Arizona Attorney General Announces First Fintech Sandbox Participants

Written by Eamonn K. Moran

As we previously reported, Arizona began accepting applications in August for its regulatory sandbox that “enables a participant to obtain limited access to Arizona’s market to test innovative financial products or services without first obtaining full state licensure or other authorization that otherwise may be required.”

On October 11, 2018, Arizona Attorney General Mark Brnovich announced that the first Arizona Fintech Sandbox participant is Omni Mobile Inc., a mobile payment platform “aiming to test cheaper and faster payment transfers through its centralized wallet infrastructure.” Omni Mobile Inc., will test its product by processing guest payments at Westward Look Wyndham Grand Resort and Spa in Tucson. All Arizona-resident guests will receive a disclosure agreement (regarding the company’s participation in the sandbox), an explanation of the test nature of the product, a Privacy Notice, and the ability to opt out of any information sharing with Wyndham. Omni Mobile Inc. will have two years from the date of its entrance into Arizona's Sandbox to test its product.

Also in October, Attorney General Brnovich announced a new cooperation agreement with Taiwan’s financial regulator, the Financial Supervisory Commission (“FSC”), designed to increase the reach of Arizona’s FinTech Sandbox. In September, the Attorney General’s Office finalized a Memorandum of Understanding (MOU) with the FSC to establish a cooperation structure between Arizona’s program and the FSC’s program in Taiwan. According to the Attorney General’s Office, the goal is to “create an information-sharing arrangement between the regulators that may result in the opportunity for businesses to develop/test eligible FinTech (financial technology) products in both markets.”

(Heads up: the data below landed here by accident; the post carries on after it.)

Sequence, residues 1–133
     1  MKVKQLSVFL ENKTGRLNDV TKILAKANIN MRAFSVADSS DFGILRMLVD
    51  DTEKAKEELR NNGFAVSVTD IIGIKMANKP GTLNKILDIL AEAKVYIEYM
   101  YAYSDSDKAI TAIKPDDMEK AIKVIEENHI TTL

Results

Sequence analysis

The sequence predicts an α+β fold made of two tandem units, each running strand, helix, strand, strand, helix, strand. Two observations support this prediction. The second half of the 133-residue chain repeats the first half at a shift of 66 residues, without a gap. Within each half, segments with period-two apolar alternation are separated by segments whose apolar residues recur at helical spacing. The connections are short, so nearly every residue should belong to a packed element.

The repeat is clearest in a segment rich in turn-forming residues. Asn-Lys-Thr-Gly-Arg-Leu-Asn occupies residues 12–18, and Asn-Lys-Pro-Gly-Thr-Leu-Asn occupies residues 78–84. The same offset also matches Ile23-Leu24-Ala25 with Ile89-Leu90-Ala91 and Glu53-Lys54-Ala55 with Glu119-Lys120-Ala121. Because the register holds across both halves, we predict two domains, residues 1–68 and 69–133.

Earlier this month, Attorney General Brnovich announced the addition of Grain Technology, Inc. and Sweetbridge NFP, Ltd. to the Arizona FinTech Sandbox, bringing the total number of participants to three since the program was launched.

Grain Technology, Inc., based in New York, will “test a savings and credit product in Arizona using proprietary technology to offer consumers customized savings plans and credit opportunities.” Arizona consumers participating in the program will obtain access to a small line of credit aimed primarily at providing overdraft protection for bank accounts. According to the press release, annual percentage rates (APR) for loans obtained through this line of credit may be as low as 12% for consumers who agree to follow a recommended repayment plan calculated using Grain’s technology (a standard APR of 15.99% will apply for those who adopt a different repayment plan). Grain intends for loans and payments occurring through this line of credit to be reported to major credit reporting agencies to enable consumers to build their credit profiles.

Sweetbridge NFP, Ltd., a Scottsdale-based international nonprofit building blockchain protocols for supply chains and commerce, “will test a lending product using proprietary blockchain technology with an APR cap of 20%.” At these rates, Sweetbridge’s product will allow consumers to obtain credit at up to 1/10th the cost allowed under Arizona law.

Once accepted into the program, the companies are required to notify consumers that they are part of Arizona’s FinTech Sandbox before testing their product/services.

The Arizona Attorney General’s Office also states that it is currently reviewing “several additional applications from established businesses and startups that cover a diverse variety of money transmission and lending products.”

We also note that the Consumer Financial Protection Bureau (CFPB or Bureau) issued a proposal in September 2018 to create a Disclosure Sandbox through its revised “Policy to Encourage Trial Disclosure Programs,” which sets forth the Bureau’s standards and procedures for exempting individual companies, on a case-by-case basis, from applicable federal disclosure requirements to allow those companies to test trial disclosures. The Bureau states that the proposed revisions have the following goals: (1) reducing the application burden and review time frame; (2) increasing guidance regarding the testing time frame; (3) specifying procedures for extensions of successful trial disclosure programs; and (4) providing for coordination with existing or future programs offered by other regulators designed to facilitate innovation. The Bureau has expressed interest in entering into agreements with State authorities designed to improve upon existing disclosure requirements by allowing covered persons to test disclosures within the state sandbox, but states that such agreements would need to include certain specified features.

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